Friday, February 26, 2010

Questions, Questions - Writing Quiz!

Well, I had a lovely post written on synopses, but I seem to have misplaced the notebook I wrote it in. Ah well. Next week! In the meantime, here's a fun writer's quiz I picked up from Facebook. Take a break, fill it out, and post it on your own blog! Then give me a shout so I can look at your answers. :)


Do you have a pen/pencil collection? How many of those are chewed?

I stash writing utensils in "safe" places and then forget where I stashed them. I don't chew pens—instead I break the clips off of them. ;)

Do you prefer handwriting or typing?

Typing. It's a time thing. Being a full-time writer with an extremely busy life doesn't leave room for slow handwriting.

How often do you get inspiration?

Dozens of times every day. In soapwater, in meaningless conversation, in the way a shadow moves. The problem is that 99% of the time the inspiration is not related to my WIP.

Do you get inspiration more in the early morning or late at night?

Late at night! It's almost impossible for me to write during the day. I come alive at night and my brain goes wild. All 100,000 words of NaNo were written at night.

Do certain movies/books/music inspire you?

Absolutely. I try to read, watch, and listen in all genres, so sometimes I'll get inspiration for my WWII historical drama from a modern comedy, or vice versa. Often I try to read/watch/listen to something very different from my WIP, just to get a new viewpoint.

How do you incorporate God into your stories?

Sometimes a great deal. Sometimes the characters actively search Him out. Other times it's more subtle; it depends on the story. My faith in God is the essential part of who I am so it always comes into my writing. Though often not how you'd expect!

Do you kill off your villains or make them repent?

Repent? Never! :) Seriously - they usually either die or escape to start new trouble next time.

Are the majority of your characters magical beings, humans, halflings, or something else?

Humans. I've done fantasy, but always with a realistic setting.

What genre of writing are you most comfortable in? If you were to step out of your comfort zone, what would you write?

Historical anything is my passion and my home ground. That said - I've now written fantasy, sci-fi, thriller, mystery, and I'm working on my first satire/parody. I've also written for YA and adult. Jack of all genres?

Do you work better alone or with someone else?

Hard question. Each is very different. Writing alone I have the independence to write exactly what I think. I can address issues deep in my soul. Writing together is incredibly fun and I believe the quality achieved is extremely high; also sometimes the novels go much deeper with two people.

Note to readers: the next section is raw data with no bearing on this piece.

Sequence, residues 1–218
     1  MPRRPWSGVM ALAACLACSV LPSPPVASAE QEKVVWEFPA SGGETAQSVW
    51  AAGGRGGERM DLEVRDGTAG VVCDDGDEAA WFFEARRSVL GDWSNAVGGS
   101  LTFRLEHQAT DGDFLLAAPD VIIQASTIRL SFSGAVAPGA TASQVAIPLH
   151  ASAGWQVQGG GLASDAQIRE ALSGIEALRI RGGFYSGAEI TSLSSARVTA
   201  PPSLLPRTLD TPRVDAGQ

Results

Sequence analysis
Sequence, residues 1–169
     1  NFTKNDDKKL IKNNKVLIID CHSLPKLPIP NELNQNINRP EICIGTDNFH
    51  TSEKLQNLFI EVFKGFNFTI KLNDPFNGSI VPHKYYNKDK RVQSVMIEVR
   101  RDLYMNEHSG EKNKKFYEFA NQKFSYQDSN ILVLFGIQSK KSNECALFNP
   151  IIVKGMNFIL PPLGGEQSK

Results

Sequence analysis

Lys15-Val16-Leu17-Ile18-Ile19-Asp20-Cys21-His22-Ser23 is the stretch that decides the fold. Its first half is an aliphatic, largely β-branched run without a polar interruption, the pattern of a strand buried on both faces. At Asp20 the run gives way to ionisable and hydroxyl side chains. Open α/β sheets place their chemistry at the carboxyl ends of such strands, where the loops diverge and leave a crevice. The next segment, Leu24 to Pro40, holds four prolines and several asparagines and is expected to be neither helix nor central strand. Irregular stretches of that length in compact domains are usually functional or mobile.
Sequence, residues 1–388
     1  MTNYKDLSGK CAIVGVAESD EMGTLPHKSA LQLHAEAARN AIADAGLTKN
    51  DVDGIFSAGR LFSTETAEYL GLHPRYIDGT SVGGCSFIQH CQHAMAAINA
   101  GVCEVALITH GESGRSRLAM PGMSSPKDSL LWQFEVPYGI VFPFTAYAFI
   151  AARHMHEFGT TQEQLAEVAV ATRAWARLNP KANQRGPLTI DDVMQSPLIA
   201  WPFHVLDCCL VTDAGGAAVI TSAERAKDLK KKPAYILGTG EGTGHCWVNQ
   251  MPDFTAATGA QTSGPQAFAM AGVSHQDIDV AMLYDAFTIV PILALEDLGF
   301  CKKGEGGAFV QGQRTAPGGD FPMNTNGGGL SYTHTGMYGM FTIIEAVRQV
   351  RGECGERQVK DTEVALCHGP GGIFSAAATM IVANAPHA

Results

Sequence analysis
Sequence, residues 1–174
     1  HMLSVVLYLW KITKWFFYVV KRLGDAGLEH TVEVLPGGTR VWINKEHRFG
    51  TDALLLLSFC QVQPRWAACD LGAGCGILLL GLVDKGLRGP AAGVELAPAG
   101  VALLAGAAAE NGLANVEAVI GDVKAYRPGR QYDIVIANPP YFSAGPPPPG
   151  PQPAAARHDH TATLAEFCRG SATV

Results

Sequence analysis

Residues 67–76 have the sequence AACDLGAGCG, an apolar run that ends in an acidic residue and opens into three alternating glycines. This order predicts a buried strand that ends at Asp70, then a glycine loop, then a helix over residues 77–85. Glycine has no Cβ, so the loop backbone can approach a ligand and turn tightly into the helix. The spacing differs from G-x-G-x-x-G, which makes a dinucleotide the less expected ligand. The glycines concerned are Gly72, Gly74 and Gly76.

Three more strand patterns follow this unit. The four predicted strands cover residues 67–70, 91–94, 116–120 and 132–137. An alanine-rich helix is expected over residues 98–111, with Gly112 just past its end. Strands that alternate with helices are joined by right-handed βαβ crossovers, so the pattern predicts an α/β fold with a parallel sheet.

Are your characters mostly Renegades, Peacekeepers or a mish-mash?

Renegades! I have written one Peacekeeper, but the majority are rebels. V. stressing sometimes, since they rebel against their author as well!

Are you a sucker for good grammar?

I'm a sucker for good writing. Some great novels break every grammar rule in the book. Write the best novel you can, and grammar will handle itself.

How is your handwriting?

Sharp. Angular. Small and very upright. Getting more messy!

How evil are your villains?

I try to write villains who are attractive in some ways. A mystery writer at heart, I believe the best and most chilling villains are the ones we can identify with in some way. That said - I've a few psychos planned who are thoroughly evil.

Are you long-winded or succinct?

I'd like to say succinct. Final draft definitely has to be succinct.

Do you have typical writer traits such as ink stains on your fingers or a pencil behind your ear?

Do notebooks in every pocket, bags under the eyes, and a glazed expression count?

Would someone walking past you on the street consider you normal?

Depends on whether they catch me gabbling and gesturing to thin air while envisioning the battle of Shiloh. Overall: probably not. Who wants to be?

Do you write mostly poetry, stories, novels or a mixture?

Mostly novels, though I've a fair collection of short stories. Poetry as well, but I write it just for me, not to be published.

Do your characters vary in accents, appearance and attitude or are they mostly the same?

They couldn't be more different. Er - except for the fact that lamentably many of my heroines are redheads. I seem to pick real redheads out of history. But attitude? My biggest challenge with every story is to make the characters completely new, completely different.

Do real people and/or places inspire your writing?

Without exception! Everything I write stems from real life. However - it's usually my wild, quirked interpretation of it. :)

What is your favorite character? Or do you choose to remain unbiased in case of a revolt?

My characters spend their lives revolting. One more wouldn't change much! And - all my characters are so different it's hard to say. Perhaps Jan from SS-5. My new MC in my parody, Leonie, is very fun too—snarky and sarcastic and a murder-mystery writer!